Welcome to this special database offering a comprehensive listing of clinical evidence on the i-gel® from Intersurgical second-generation supraglottic airway device, covering full studies, case reports and reviews. We hope you find it interesting and useful, and we will continue to upload new evidence as it is published.
The first study on i-gel® was conducted by Richard Levitan and his team at the University of Maryland Medical Center in Baltimore, USA. This landmark study on the positioning and mechanics of i-gel® in 65 non-embalmed cadavers was initially presented as a free paper at the UK Difficult Airway Society meeting in Leicester in November 2004 and accepted for publication in Anaesthesia in April 2005. i-gel® was subsequently launched in January 2007 at the Association of Anaesthetists of Great Britain and Ireland Winter Meeting in London, UK.
The first independent clinical data on patients was a letter to the editor of Resuscitation from David Gabbott and Richard Beringer at Gloucester Royal Hospital in the UK. This correspondence, entitled, ‘The i-gel® supraglottic airway: A potential role for resuscitation?’ reported initial findings on the use of i-gel® in 100 patients presenting for elective surgery under general anaesthesia.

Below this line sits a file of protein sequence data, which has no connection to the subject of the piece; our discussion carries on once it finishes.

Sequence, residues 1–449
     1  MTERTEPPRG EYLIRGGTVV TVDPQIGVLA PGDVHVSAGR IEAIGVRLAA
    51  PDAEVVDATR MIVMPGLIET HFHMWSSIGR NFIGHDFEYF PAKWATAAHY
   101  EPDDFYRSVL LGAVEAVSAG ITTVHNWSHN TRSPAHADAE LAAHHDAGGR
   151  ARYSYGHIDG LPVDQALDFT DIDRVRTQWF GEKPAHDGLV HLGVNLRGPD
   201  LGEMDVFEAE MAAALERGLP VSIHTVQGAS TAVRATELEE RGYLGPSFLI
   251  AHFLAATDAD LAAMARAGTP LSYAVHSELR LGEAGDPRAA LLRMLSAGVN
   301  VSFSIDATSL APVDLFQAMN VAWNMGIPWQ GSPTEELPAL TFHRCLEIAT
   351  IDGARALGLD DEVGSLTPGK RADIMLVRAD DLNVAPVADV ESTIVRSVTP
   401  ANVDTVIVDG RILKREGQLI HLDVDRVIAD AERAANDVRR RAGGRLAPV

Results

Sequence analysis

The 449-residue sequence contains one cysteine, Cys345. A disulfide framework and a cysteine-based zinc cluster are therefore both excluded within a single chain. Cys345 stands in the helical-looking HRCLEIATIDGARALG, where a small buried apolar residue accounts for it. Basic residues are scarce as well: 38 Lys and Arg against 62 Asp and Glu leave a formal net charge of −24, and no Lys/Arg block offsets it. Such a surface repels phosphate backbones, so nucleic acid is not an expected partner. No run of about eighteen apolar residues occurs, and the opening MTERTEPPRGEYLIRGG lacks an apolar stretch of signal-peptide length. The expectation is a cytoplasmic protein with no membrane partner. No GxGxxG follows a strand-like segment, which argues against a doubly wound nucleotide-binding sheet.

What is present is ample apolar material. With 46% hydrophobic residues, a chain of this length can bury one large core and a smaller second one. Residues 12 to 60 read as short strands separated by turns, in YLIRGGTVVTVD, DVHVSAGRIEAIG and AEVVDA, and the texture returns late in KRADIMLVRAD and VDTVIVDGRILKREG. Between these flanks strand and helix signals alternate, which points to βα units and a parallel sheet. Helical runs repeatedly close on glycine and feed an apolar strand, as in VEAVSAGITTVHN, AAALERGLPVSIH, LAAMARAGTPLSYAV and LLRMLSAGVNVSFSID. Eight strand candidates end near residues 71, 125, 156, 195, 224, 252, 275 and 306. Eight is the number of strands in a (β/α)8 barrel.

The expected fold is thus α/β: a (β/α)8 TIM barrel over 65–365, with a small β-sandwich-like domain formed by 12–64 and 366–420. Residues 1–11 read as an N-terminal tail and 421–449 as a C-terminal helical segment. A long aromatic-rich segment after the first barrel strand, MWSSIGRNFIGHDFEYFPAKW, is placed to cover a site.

The i-gel® is made of a medical grade thermoplastic elastomer, designed to create a non-inflatable anatomical seal of the pharyngeal, laryngeal and perilaryngeal structures.
An integrated gastric channel provides an early warning of regurgitation, facilitates venting of gas from the stomach and allows for the passing of a suction tube to empty the stomach contents. The device also includes a buccal cavity stabiliser to provide vertical strength during insertion and eliminate the potential for rotation.